Genetics and Heredity Notes

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1 Genetics and Heredity Notes I. Introduction A. It was known for 1000s of years that traits were inherited but scientists were unsure about the laws that governed this inheritance. B. Gregor Mendel ( ) was an Augustinian monk in Austria who experimented with garden peas and developed the foundation of modern genetics. He noticed that peas had several traits and always showed only one of a pair rather than a blend which was previously believed. He crossed plants with different traits to see what the offspring would look like. C. In a typical breeding experiment, Mendel would cross-pollinate (hybridize) two contrasting, true-breeding pea varieties (true-breeding means that the offspring all look like the parents). 1. The true-breeding parents are the P generation, and their hybrid offspring are the F1 generation. 2. Mendel would then allow the F1 hybrids to self-pollinate to produce an F2 generation. D. When Mendel crossed a purple-flowered plant and a white-flowered plant the F1 offspring were all purple. 1. When Mendel allowed the F1 plants to self-fertilize, the F2 generation included both purple-flowered and white-flowered plants. The white flowers, absent in the F1, reappeared in the F2. 2. Mendel reasoned that the heritable factor for white flowers was present in the F1 plants, but somehow did not affect flower color. 3. Purple flower color is dominant, and white flower color is recessive, meaning that when parents differing in the color of their flowers were crossed, all offspring appear purple. 4. The offspring were always present in a 3-to-1 ratio in F2. That is, three showed the dominant version of the trait for every one showing the recessive version. E. Mendel worked out a hypothesis consisting of four statements to explain the results he observed. 1. Alternative versions of genes account for variations in inherited traits. a. These alternate versions are called alleles. For example, the gene that controls the color of the flowers in Mendel=s peas has two alleles - purple and white. b. Each gene resides at a specific locus on a specific chromosome. 2. For each trait, an organism inherits two alleles, one from each parent. a. In homozygous individuals, these two alleles are the same. b. In heterozygous individuals, the two alleles are different. c. An organism=s traits are called its phenotype. d. Its genetic makeup is called its genotype. 3. If the two alleles for a trait are different, then one, the dominant allele, masks the presence of the other, recessive allele, and determines the appearance of the organism. a. It is important to remember that the term does not mean that the allele is the most common in the population. The recessive allele might be more common. 4. Mendel=s law of segregation states that the two alleles for a trait separate during gamete production and end up in different gametes. The law of independent assortment says that the alleles segregate independent of one another.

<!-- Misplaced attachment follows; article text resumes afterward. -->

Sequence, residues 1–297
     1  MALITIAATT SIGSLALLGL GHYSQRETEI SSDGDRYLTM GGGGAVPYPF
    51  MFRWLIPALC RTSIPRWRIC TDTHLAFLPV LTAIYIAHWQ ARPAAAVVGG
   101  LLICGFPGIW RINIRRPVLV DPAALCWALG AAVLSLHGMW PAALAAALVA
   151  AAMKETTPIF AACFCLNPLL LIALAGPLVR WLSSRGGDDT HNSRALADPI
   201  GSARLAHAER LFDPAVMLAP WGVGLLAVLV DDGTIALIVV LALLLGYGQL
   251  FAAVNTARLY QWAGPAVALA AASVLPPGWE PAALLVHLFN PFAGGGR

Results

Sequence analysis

2 II. a. If an organism has two identical alleles for a particular trait, then that allele is present as a single copy in all gametes. b. If different alleles are present, then 50% of the gametes will receive one allele and 50% will receive the other. Mendel=s first experiments considered only one trait A. An individual that is heterozygous for one trait is called a monohybrid and a cross between two heterozygotes is a monohybrid cross. e.g., round seed wrinkled P RR x rr gametes R, R r, r Rr (all round) F1 use two F1 individuals as new Parents P Rr x Rr gametes R, r R, r F2 RR, Rr, Rr, rr (round, round, round, wrinkled; 3:1) B. A Punnett square can be used to show genotype, phenotype, and probability. e.g., heterozygous purple (Pp) x white (pp) p p P Pp Pp p pp pp F1 1 purple: 1 white e.g., two heterozygous tall plants (Tt) T T TT Tt t Tt tt F1 3 tall: 1 short t C. Test cross 1. Imagine that you have an organism showing a dominant phenotype. Is the individual homozygous or heterozygous? To be able to say for certain, a test cross is performed. 2. The unknown individual is crossed with a homozygous recessive individual. 3. The genotype of the unknown parent can be deduced from the appearance of the offspring. III. Mendel later wondered if traits always travelled together or if they were inherited separately. A. To answer the question he considered two traits at once - a dihybrid cross. 1. In one cross he studied the inheritance of seed color and seed shape. a. The allele for yellow seeds (Y) is dominant to the allele for green seeds (y).